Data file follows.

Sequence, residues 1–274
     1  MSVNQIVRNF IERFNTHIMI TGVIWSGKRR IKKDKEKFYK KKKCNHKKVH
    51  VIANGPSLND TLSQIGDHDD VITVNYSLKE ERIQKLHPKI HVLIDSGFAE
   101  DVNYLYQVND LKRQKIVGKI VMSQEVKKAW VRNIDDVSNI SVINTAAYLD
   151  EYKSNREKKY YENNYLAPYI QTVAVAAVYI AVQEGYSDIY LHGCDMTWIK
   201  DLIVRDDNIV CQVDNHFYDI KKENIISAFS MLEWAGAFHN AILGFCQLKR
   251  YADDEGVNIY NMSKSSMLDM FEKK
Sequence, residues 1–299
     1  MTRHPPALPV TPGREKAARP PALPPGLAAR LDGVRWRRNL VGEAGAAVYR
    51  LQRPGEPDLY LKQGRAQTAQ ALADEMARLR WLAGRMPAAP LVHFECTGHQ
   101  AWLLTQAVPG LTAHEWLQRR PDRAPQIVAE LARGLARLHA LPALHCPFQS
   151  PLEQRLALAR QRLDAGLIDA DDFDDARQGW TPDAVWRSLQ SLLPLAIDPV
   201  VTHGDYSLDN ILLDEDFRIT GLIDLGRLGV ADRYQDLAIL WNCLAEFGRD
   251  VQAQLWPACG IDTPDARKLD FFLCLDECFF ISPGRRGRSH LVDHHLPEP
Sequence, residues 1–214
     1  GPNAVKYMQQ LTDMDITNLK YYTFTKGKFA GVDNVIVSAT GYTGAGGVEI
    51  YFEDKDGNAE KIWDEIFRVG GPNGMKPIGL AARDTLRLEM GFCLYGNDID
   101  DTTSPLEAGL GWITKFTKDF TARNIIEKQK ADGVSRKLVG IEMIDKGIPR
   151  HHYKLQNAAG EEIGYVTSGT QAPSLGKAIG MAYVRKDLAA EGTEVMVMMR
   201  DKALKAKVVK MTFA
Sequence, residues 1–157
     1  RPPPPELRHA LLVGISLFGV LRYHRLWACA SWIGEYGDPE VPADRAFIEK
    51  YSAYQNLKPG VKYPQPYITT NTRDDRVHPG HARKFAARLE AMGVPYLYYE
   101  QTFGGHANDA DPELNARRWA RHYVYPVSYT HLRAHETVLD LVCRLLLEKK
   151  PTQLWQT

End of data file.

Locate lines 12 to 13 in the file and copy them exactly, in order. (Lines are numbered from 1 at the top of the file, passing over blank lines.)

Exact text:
   151  PLEQRLALAR QRLDAGLIDA DDFDDARQGW TPDAVWRSLQ SLLPLAIDPV
   201  VTHGDYSLDN ILLDEDFRIT GLIDLGRLGV ADRYQDLAIL WNCLAEFGRD